I’m excited to be included in a beer brewing adventure that will unfold over about the next year or so. My beer brewing buddies have been “rolling” this idea around for a while now.
Let me back track a bit. If you are a bourbon (a type of whiskey) distiller, you have a set of government guidelines you must follow to call your spirit bourbon. All bourbon must be aged in a virgin, White Oak, charred barrel, according to Jackie Steele of Reel Barrels, LLC. This requirement means that you can only use the barrel once. It turns out that used barrels can be used to age other spirits. You can also put aging home brewed beer in one of these barrels!
Greg Tappmeyer, one of my new home brewing friends, made the connection with Reel Barrels to procure a bourbon barrel. . Bret McGowne (featured in one of my recent stories here) is doing research on how to best proceed aging our home brew in a barrel. We’ll be using Stan Krempges’ house as “brewing central” and official keeper of the barrel while it does its thing!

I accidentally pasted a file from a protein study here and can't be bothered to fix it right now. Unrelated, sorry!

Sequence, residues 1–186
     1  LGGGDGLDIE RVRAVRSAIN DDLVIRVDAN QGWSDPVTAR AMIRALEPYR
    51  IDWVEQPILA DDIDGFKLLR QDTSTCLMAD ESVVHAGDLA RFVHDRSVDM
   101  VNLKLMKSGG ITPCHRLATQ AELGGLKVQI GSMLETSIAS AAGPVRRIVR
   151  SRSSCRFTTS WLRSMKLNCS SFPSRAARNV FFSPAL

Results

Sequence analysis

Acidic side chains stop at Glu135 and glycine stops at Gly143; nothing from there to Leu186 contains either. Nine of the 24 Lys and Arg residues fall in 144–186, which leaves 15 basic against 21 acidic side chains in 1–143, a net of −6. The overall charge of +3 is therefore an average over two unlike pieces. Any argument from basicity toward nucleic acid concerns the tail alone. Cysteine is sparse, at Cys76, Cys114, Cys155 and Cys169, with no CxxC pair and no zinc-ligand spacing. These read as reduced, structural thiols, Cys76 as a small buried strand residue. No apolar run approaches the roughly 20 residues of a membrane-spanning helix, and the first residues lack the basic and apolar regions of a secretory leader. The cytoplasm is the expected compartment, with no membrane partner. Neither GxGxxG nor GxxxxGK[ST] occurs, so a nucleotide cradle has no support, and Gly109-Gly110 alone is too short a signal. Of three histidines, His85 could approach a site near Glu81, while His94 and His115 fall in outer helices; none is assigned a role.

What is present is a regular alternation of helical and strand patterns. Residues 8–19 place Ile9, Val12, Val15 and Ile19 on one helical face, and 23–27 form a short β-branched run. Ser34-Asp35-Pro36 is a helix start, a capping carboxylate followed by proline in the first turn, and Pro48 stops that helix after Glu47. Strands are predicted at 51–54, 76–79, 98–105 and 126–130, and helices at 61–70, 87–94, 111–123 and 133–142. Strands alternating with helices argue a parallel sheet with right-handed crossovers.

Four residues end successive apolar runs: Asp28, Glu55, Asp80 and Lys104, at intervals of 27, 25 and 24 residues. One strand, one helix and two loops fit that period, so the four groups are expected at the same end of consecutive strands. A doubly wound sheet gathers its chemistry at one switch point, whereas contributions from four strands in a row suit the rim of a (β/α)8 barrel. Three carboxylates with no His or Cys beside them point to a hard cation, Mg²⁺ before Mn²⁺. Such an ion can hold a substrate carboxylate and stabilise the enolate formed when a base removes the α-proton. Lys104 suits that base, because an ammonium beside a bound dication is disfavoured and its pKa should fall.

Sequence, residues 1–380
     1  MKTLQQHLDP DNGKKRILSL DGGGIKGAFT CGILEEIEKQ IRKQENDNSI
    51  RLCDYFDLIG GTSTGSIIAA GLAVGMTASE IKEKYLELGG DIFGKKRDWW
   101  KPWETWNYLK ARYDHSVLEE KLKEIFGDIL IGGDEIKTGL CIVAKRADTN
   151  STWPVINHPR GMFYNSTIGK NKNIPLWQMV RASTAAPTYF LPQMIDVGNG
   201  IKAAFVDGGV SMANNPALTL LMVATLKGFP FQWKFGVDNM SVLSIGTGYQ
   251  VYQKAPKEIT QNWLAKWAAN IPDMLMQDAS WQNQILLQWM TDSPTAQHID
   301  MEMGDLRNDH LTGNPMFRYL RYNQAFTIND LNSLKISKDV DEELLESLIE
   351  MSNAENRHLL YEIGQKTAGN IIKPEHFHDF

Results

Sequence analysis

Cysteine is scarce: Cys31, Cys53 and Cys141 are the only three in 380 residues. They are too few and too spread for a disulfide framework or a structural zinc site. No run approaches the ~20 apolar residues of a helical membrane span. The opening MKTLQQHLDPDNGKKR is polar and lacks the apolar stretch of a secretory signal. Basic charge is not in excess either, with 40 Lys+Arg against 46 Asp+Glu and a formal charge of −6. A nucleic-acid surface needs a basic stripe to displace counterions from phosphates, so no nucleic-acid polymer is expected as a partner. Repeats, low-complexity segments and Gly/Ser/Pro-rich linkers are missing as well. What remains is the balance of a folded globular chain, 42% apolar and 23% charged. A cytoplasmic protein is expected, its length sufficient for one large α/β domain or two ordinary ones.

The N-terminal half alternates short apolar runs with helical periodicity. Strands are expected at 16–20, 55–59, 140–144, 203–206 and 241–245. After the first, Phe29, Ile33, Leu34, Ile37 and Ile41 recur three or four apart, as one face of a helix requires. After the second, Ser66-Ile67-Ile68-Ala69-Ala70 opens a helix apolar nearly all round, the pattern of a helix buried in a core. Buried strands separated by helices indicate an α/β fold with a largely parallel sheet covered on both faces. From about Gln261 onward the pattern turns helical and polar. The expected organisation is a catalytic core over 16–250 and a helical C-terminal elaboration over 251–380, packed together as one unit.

The four of us and others will each be contributing our batch of beer in order to fill up the 53 gallon barrel.
Why do this? Because the beer will begin to pick up the same woody characteristics from the charred walls of the barrel. It will also be infused with some of the actual bourbon! It’s a challenge for home brewers because of the quantity of beer and because of the unique quality of a barrel. When bourbon was first aged in the barrel, distillers might only get 7-10 gallons out of the original 53! The so-called “angels share” evaporates away. The same will be true of our beer.
We’re going for an imperial stout as our first beer. Bret estimates we will get three, maybe four, batches out of this barrel before it loses its charm.